In California you have the legal right to change your name or gender. Our office can help you legally change your name or your gender.
Most government agencies currently require a court order as official proof of a name or gender change. Government regulations fight against fraud, such as identity theft, and are making it almost impossible to change your name or gender without a court order.
There are several ways to change your name:
1. Filing a Petition for a Change of Name. This is the most common way.
2. If you are getting divorced and want to change your name to your maiden name, you can usually do that in your divorce case.
3. If you are already divorced (in California only) and did not change your name in your divorce, you can do it at a later time.
If you recently got married and want to change your last name to your spouse's last name, you may not have to go to court. Go to your local DMV office and your social security office, and ask them whether you can change the name on your driver's license and social security card to your spouse's last name without a court order. Sometimes, they will change your name if you show them your marriage license or certificate and you will not have to go to court. However, it is possible they will tell you to get a court order, please be prepared for that.
If you have to file a Petition for Change of Name in court, the process can take up to 3 months. After you file your Petition for Change of Name, a hearing date at your local court will be scheduled for you between 6 and 12 weeks away. In some instances, a 4 week newspaper notice may be required to announce name change. After the hearing the court will give you a court order called a “decree” changing your name.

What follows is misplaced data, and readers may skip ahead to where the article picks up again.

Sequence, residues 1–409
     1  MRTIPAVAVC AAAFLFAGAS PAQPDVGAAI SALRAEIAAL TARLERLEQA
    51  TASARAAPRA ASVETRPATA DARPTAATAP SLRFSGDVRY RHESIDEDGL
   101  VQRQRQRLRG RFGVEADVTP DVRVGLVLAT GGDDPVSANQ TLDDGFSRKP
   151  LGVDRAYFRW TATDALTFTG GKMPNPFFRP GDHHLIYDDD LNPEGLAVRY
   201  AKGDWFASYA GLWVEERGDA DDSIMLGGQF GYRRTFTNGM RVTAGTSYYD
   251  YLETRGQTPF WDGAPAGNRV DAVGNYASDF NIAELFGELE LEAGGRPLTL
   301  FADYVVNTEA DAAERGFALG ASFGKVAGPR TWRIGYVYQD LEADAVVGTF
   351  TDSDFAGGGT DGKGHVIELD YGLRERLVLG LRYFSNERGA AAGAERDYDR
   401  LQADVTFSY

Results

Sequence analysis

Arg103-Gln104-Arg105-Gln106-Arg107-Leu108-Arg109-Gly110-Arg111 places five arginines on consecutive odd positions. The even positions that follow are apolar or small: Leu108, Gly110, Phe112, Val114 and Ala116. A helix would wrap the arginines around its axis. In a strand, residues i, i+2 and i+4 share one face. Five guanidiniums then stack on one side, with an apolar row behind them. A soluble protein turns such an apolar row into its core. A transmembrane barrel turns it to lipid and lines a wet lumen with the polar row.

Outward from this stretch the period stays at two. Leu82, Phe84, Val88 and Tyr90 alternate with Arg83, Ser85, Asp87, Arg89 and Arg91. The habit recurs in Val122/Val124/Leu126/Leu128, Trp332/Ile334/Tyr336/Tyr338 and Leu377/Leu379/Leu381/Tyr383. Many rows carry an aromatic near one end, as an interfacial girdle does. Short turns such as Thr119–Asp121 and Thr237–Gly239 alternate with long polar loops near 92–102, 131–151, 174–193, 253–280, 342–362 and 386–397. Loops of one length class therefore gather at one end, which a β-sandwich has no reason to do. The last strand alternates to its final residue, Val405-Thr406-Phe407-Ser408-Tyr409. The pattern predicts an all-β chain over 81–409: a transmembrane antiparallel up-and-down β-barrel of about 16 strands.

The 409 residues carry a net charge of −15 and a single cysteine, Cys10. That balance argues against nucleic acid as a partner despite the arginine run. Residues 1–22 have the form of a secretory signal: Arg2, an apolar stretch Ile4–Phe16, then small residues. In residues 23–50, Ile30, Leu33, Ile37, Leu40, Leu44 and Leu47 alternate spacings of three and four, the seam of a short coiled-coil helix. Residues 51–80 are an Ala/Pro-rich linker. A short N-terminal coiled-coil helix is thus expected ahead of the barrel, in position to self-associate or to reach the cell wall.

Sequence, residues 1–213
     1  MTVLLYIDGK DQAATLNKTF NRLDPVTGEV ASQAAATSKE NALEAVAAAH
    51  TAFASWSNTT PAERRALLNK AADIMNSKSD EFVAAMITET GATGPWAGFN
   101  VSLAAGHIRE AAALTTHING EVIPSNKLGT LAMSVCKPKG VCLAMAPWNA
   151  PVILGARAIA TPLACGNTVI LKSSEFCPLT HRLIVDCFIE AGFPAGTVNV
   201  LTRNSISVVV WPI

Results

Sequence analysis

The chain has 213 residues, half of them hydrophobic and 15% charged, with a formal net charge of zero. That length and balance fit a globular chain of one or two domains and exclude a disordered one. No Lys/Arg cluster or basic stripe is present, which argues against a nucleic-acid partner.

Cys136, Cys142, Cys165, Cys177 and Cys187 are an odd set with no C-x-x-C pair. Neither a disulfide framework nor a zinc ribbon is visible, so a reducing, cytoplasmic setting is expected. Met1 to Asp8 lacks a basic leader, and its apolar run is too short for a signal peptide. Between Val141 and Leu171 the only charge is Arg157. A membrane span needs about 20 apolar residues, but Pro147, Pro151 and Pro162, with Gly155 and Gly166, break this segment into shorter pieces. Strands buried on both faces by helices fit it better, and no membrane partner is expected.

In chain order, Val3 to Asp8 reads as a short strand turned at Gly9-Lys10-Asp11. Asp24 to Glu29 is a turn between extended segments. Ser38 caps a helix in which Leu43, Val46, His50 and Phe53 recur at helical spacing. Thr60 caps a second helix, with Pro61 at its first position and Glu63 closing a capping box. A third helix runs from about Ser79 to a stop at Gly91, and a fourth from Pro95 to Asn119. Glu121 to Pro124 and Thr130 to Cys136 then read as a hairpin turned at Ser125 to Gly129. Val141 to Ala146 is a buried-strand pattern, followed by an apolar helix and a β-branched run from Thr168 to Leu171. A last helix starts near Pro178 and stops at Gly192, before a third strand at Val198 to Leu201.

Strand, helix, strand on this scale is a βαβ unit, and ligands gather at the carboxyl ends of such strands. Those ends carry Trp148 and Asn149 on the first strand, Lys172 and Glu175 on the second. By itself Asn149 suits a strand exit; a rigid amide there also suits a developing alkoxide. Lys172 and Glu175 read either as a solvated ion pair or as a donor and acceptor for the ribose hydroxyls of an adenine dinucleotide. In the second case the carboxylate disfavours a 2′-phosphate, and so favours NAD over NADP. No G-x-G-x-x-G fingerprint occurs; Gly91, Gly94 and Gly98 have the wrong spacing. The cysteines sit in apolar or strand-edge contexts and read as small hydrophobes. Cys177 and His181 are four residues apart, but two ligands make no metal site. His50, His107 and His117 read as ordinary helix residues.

The judge may not agree to change your name if the judge finds that you are changing your name to commit fraud, or you are changing your name to hide from the law or the police or for some other illegal reason.
If you are on probation or parole, the judge may not agree to change your name unless your probation or parole officer is aware of your change of name and gives written consent. If you are incarcerated in a California state prison, the Secretary of the California Department of Corrections and Rehabilitation has to give permission to the court to let you change your name. If you are incarcerated in federal prison, get permission from the Director of the Federal Bureau of Prisons.
Once you have your court order changing your name you can use that court order to change your legal name on government-issued identification documents such as your driver’s license, passport, and social security card.
For a flat fee, our office can help you prepare all necessary documentation to change your name, we will file your case, have a hearing scheduled, and organize newspaper notice required by law. If you prefer, our attorney will accompany you for a court hearing or prepare you for your day in court should you wish to appear without an attorney. We highly recommend our immigration clients to consult an attorney before changing name or gender.